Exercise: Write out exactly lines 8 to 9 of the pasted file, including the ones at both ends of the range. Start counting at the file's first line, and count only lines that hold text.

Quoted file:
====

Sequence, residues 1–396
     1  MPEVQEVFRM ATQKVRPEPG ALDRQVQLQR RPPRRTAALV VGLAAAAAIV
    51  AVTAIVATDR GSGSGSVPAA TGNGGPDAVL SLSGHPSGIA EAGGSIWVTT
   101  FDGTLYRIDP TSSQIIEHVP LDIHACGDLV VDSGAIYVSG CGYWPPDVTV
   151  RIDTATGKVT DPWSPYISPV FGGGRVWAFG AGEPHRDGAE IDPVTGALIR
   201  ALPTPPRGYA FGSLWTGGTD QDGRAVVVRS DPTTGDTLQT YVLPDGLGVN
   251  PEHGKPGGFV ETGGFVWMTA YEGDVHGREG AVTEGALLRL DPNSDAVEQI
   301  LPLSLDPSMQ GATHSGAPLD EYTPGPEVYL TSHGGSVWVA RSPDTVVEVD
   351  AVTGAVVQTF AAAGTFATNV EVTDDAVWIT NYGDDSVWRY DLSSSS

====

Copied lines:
   301  LPLSLDPSMQ GATHSGAPLD EYTPGPEVYL TSHGGSVWVA RSPDTVVEVD
   351  AVTGAVVQTF AAAGTFATNV EVTDDAVWIT NYGDDSVWRY DLSSSS